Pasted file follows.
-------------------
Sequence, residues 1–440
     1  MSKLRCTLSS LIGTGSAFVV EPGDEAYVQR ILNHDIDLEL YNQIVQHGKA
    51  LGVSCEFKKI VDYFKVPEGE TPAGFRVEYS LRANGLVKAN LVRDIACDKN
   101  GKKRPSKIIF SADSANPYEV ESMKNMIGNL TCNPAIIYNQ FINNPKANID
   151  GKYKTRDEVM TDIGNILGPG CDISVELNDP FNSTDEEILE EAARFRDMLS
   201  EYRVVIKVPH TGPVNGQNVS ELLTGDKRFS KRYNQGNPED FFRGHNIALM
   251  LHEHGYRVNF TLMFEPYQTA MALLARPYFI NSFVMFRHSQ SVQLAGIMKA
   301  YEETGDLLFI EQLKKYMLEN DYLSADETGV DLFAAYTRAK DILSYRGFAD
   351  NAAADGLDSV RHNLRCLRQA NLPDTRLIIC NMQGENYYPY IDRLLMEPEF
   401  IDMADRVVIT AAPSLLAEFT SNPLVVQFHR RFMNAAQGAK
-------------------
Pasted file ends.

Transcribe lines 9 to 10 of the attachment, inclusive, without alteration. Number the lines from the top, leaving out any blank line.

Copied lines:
   351  NAAADGLDSV RHNLRCLRQA NLPDTRLIIC NMQGENYYPY IDRLLMEPEF
   401  IDMADRVVIT AAPSLLAEFT SNPLVVQFHR RFMNAAQGAK